Ehud explored possible methods of addressing the issue of fragmentation, drawing in part on lessons from other industries.
First among them was simply consolidation, whether natural or through mergers and acquisitions.
In the diamond industry's midstream - the diamond polishing and wholesale sector of the pipeline - Ehud believed there were too many traders and polishers between miners and retailers.
Without a reduction in the number of players, competition is so high it erodes the ability to work profitably and as a result, businesses close. "A business where your revenue is declining, and your expenses are either fixed or rising, is one where profitability erodes to nearly nothing – and then beyond nothing. That is why there are so many businesses closing or going under in the midstream of the diamond pipeline. This is an unsustainable business model."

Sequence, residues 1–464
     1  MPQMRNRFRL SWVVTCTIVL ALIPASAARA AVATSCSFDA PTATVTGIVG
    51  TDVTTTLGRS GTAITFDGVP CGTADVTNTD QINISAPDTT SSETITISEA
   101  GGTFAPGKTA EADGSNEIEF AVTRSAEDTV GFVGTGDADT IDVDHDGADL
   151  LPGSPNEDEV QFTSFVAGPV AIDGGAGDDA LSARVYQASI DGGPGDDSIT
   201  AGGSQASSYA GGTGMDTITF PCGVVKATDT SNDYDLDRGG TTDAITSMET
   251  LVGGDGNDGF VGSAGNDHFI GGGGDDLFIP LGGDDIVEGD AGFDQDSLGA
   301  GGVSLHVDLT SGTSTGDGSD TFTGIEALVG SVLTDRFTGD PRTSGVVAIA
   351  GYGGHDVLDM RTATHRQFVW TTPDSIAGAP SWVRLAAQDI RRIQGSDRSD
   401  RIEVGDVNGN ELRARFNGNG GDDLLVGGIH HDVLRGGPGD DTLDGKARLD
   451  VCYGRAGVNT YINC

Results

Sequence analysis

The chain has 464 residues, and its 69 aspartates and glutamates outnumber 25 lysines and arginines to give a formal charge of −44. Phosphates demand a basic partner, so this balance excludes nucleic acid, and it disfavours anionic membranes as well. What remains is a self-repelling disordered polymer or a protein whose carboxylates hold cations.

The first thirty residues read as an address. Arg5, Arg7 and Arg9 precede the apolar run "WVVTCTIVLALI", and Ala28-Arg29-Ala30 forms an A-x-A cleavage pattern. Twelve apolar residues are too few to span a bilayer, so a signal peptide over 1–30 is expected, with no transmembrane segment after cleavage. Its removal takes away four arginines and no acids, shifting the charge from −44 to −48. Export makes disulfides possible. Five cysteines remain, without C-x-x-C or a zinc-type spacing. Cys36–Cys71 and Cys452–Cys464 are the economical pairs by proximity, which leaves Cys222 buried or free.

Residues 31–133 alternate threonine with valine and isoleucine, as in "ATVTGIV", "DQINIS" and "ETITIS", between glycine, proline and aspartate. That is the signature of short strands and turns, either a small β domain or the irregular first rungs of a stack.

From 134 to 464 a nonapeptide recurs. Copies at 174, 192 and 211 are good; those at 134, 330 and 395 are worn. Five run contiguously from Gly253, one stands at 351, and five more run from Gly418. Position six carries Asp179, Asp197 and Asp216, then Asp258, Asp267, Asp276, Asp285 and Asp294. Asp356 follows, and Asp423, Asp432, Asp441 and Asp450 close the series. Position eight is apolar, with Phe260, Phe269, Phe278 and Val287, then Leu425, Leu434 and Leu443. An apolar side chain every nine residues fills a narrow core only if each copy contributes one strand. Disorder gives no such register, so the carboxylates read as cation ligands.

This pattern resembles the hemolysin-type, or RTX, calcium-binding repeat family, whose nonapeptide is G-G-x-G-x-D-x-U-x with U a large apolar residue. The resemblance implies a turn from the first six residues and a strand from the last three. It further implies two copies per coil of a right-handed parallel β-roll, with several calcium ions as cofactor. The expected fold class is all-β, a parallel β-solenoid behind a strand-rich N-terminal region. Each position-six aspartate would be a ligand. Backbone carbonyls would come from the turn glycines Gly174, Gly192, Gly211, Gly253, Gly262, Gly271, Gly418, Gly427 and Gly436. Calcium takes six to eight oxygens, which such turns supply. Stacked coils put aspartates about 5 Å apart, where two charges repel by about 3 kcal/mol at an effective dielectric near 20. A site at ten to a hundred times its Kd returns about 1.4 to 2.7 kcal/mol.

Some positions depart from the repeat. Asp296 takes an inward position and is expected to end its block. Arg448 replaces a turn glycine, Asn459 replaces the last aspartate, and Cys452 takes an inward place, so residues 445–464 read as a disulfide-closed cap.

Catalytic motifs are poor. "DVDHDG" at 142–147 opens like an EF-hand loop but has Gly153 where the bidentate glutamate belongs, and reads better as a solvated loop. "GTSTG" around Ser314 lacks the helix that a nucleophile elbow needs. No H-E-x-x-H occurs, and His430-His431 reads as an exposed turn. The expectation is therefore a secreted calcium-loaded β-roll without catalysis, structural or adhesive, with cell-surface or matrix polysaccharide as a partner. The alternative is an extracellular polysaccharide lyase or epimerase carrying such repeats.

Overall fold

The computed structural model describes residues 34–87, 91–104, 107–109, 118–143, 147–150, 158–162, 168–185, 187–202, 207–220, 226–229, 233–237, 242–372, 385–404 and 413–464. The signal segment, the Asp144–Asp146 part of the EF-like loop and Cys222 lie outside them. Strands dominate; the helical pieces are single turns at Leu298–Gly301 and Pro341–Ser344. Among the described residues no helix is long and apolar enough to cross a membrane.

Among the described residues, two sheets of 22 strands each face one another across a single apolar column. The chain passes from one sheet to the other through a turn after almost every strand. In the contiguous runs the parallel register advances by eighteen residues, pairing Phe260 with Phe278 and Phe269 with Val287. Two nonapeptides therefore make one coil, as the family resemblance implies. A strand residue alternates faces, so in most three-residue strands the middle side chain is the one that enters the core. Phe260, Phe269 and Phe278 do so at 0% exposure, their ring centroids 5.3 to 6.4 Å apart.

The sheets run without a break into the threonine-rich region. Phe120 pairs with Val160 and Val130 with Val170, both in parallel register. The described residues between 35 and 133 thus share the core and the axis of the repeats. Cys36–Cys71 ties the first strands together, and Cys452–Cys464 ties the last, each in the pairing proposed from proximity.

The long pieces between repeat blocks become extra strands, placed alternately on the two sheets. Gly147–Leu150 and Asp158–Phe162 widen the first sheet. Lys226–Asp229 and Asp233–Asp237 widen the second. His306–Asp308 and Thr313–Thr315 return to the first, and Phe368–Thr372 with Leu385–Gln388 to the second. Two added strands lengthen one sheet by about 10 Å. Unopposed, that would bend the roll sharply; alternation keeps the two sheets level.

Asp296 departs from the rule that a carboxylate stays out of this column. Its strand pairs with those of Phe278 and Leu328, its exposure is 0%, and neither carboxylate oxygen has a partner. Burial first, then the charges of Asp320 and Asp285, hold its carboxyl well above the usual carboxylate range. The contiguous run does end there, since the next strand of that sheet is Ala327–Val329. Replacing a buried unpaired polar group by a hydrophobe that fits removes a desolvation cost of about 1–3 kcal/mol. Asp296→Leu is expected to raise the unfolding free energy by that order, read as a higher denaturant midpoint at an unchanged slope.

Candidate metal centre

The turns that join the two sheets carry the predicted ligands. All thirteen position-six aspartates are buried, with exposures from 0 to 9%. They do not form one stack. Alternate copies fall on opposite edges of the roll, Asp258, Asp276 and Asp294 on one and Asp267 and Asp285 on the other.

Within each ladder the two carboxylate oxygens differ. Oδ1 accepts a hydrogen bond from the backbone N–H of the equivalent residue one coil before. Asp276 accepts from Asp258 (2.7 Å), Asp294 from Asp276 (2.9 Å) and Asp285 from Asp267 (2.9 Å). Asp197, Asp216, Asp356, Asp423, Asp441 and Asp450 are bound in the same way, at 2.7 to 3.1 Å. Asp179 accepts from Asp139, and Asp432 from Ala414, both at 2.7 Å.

"Jewelry retailers have increasingly tried to get closer to the diamond source in order to get more security on the supply of precious gems and to provide consumers with more transparency on traceability. Various routes to get up the value chain have been explored."
"Both upstream and downstream companies have recognized the benefits of working with established midstream players, including taking advantage of their manufacturing know-how… It would seem to make more sense, for instance, for a rough producer to work with midstream clients like those who integrated with jewelry retailers that can handle larger volumes, are better financed and that can get better margins as a result of being closer to its consumers."
Ehud shared various successful examples of vertical integration, from Tiffany to Chow Tai Fook and Signet Jewelers. This follows, in part, successful models in other industries, whether for example LVMH's stake in one of the world's top cashmere makers or investments by Bulgari, Cartier and other luxury watch brands in parts providers.